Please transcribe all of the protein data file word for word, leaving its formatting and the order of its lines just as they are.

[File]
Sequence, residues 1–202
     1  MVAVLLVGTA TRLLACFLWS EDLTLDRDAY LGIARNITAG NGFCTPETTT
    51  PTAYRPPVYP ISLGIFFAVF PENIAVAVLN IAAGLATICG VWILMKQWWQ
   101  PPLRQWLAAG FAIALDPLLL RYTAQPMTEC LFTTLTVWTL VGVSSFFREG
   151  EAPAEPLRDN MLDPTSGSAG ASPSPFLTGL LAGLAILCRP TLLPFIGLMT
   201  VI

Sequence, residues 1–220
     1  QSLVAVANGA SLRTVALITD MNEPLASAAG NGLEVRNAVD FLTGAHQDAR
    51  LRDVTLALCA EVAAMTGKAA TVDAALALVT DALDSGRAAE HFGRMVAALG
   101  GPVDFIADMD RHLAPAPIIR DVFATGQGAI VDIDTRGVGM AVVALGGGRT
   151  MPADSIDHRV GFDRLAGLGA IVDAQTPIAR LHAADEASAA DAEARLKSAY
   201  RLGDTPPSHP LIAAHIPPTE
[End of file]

Sequence, residues 1–202
     1  MVAVLLVGTA TRLLACFLWS EDLTLDRDAY LGIARNITAG NGFCTPETTT
    51  PTAYRPPVYP ISLGIFFAVF PENIAVAVLN IAAGLATICG VWILMKQWWQ
   101  PPLRQWLAAG FAIALDPLLL RYTAQPMTEC LFTTLTVWTL VGVSSFFREG
   151  EAPAEPLRDN MLDPTSGSAG ASPSPFLTGL LAGLAILCRP TLLPFIGLMT
   201  VI

Sequence, residues 1–220
     1  QSLVAVANGA SLRTVALITD MNEPLASAAG NGLEVRNAVD FLTGAHQDAR
    51  LRDVTLALCA EVAAMTGKAA TVDAALALVT DALDSGRAAE HFGRMVAALG
   101  GPVDFIADMD RHLAPAPIIR DVFATGQGAI VDIDTRGVGM AVVALGGGRT
   151  MPADSIDHRV GFDRLAGLGA IVDAQTPIAR LHAADEASAA DAEARLKSAY
   201  RLGDTPPSHP LIAAHIPPTE